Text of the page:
Other Asset Classes
Now that we have a solid understanding of the three main asset classes, we can start learning about the other asset classes that are really important, but fall outside of the Big Three asset classes we saw before, stocks, bonds, and cash.
The Three Other Asset Classes
Let’s rewind a bit and remember that an asset class is formed by a group of investments that have similar characteristics and behave in a similar way. There are many ways of investing in real estate. However, some real estate investments could be classified as fixed income (bonds), since they have some similar features, like the fact that their periodic payouts in the form of rent have a certain resemblance to interest gains from bonds. Also, other types of real estate investment have features that resemble that of equity investments (stocks), given that, instead of owning a share of a company, you’d own a share of a building or a complex.
There are a few reasons why real estate is classified as a separate asset class. One of them is certainly its lower liquidity. It normally takes a fairly long time to sell a house or a building, and selling most stocks or bonds is don virtually automatically. Another important reason is that real estate laws and regulations are different from those in stocks or bonds since you are dealing with ownership of strictly physical assets (houses or developments). Generally, real estate behaves differently than other assets, its cash flow structure is different and its market cycles are somewhat independent.
Owning real estate is generally a good investment if the proper research and care are put into it. It typically offers the owner steady cash flows and it is a good way to diversify your portfolio, more on that later.
Note: in 2008, real estate speculation was one of the main causes of a global economic crisis that is still affecting certain parts of the world, so please, do NOT think real estate is always a good investment.
The dictionary defines it as “a raw material or primary agricultural product that can be bought and sold, such as copper or coffee.” Most end products we buy today are made of a wide variety of raw materials. For instance, our warm, morning coffee is made of coffee beans or our phones, which are made of a variety of metals, plastic, and glass. All the above materials are or come from raw materials that are bought and sold as commodities on a daily basis.
There are three main types of commodities:
- Agricultural: or soft commodities are commodities like sugar, soybeans or cattle.
- Plants we consume: coffee, tea, wheat, etc.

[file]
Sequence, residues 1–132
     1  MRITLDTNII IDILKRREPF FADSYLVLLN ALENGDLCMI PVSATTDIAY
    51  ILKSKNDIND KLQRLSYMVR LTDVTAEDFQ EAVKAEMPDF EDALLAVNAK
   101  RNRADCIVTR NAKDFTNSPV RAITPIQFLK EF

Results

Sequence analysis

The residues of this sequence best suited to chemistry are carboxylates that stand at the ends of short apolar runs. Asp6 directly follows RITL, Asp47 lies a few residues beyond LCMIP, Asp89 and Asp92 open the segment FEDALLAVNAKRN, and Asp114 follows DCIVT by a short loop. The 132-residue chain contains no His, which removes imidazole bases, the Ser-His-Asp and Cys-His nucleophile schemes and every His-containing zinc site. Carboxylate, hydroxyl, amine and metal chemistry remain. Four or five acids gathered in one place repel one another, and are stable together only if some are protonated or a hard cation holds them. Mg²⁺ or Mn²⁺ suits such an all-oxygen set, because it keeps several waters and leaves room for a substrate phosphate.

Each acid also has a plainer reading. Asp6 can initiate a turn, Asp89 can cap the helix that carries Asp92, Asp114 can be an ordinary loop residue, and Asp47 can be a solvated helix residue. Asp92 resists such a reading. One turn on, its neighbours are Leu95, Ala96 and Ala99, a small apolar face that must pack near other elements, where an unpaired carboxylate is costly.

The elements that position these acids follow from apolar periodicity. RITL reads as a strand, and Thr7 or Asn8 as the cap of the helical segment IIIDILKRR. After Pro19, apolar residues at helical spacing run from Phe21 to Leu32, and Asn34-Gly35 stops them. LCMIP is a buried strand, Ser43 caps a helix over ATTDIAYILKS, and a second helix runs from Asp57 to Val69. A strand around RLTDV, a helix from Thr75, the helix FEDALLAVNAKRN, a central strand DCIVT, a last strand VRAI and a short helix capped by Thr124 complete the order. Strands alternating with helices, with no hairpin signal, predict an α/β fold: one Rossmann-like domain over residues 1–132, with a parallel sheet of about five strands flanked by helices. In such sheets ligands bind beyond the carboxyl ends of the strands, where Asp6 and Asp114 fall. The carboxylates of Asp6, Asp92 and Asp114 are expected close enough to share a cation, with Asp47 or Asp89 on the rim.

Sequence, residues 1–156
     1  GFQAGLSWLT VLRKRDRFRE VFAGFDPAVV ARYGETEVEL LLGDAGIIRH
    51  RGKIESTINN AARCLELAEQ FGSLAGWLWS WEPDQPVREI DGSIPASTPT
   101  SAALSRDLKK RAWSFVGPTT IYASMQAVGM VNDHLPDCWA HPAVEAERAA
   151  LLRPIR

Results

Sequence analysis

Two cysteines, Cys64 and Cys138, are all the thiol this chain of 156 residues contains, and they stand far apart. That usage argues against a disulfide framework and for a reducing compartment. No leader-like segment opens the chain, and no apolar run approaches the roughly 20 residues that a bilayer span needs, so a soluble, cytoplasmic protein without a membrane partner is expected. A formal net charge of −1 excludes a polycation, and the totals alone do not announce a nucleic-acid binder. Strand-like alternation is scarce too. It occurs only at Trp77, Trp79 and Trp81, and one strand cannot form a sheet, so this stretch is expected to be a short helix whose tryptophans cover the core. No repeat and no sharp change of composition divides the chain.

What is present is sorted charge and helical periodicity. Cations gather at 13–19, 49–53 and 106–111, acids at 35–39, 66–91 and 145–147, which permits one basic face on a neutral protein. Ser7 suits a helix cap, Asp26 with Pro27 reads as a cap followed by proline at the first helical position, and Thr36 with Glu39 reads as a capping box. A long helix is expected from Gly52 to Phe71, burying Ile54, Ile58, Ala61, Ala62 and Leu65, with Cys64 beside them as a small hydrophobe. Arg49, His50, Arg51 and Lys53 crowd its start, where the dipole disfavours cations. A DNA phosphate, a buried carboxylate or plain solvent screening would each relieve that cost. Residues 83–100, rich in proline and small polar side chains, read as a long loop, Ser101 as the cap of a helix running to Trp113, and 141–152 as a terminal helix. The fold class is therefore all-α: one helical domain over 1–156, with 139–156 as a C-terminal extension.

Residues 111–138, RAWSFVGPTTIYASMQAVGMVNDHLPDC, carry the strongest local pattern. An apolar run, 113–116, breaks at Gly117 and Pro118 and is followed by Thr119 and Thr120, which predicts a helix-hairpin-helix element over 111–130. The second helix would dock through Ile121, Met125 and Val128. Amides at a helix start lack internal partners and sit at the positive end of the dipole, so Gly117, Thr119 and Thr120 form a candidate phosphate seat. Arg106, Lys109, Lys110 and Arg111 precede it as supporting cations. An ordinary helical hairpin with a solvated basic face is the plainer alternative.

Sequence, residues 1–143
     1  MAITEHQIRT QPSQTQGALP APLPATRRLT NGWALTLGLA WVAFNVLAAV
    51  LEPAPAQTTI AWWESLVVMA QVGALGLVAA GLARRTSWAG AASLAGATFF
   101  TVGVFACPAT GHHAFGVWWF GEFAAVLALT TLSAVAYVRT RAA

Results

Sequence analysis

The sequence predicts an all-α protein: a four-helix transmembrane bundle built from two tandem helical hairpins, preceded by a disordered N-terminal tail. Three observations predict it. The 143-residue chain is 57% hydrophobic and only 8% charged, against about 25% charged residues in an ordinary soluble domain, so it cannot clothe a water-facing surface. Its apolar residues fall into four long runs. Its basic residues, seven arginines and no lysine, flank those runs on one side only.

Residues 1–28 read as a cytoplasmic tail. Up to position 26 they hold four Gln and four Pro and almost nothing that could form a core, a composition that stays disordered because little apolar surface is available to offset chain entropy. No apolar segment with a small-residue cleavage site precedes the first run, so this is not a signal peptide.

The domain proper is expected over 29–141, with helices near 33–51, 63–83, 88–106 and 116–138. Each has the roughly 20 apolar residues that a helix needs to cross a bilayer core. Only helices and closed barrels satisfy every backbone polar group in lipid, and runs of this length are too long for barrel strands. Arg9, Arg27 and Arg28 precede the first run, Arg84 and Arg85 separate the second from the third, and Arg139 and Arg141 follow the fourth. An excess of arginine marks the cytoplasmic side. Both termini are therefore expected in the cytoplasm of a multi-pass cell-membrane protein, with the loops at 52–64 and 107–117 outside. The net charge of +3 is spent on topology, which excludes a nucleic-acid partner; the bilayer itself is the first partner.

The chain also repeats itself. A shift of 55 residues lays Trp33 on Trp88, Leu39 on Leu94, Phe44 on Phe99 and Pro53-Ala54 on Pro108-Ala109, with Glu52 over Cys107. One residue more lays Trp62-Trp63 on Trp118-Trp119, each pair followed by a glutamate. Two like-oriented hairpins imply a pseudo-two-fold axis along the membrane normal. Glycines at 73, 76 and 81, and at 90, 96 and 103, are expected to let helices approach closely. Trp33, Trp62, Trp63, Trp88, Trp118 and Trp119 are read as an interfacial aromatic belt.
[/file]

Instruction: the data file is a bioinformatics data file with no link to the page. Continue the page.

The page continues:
- Animals we eat: cattle, sheep, etc.
- Things you don’t eat or drink but use on a daily basis: cotton, wood, etc.
- Metals & Minerals: or hard commodities are precious materials like gold, silver or diamonds.
- Energy: such as crude oil, gas, natural gas, etc. They are used to power our houses, cars, etc. Other energy investments are becoming very popular, the renewables, such as solar energy or wind energy.
This third asset class is really broad (maybe too broad), so we will have different sections for the most important alternative investments in future sections. Alternative investments range from pieces of art to collectibles, to cryptocurrencies. They are grouped into the same broad asset class because they are typically of riskier nature and they offer higher return expectations.
- Private equity investing is one of the most important alternative investments. It is essentially the partial ownership of a company that isn’t traded in the stock market. Private equity investing can be very profitable but it is risky since information on private companies is limited and they are normally newer, less well-established endeavors. Also, they are less liquid than public companies, since the number of buyers is normally more scarce and contracts with private firms may lock the capital for a pre-established period.
- Art is another form of alternative investing. It is estimated that the outstanding value of artwork in the world is about $3 trillion. The fine arts market is evolving as cultures around the world change. The population is getting richer, especially in emerging countries like China, which is one of the biggest art importers in the world.
- Cryptocurrencies, like Bitcoin or Ripple, are a newer, interesting alternative asset. These are digital assets that are used as a way to exchange capital in an encrypted and sometimes anonymous way, it is basically digital cash. Crypto prices are extremely volatile and risky, and by the definition of investing, allocating money to cryptocurrencies is speculating, bubbles are easily created and destroyed with very little possible explanation or analysis. The technology behind cryptos, however, is called blockchain, and it is an innovative, growing technology.
All these alternative assets are good options to keep in mind in order to maximize your portfolio diversification, as they have different characteristics and behave differently in different economic situations. We will revisit them in future sections when we lay out how to optimize your portfolio.
In the next section, we will finally discuss what diversification is and we’ll start talking about how to achieve it.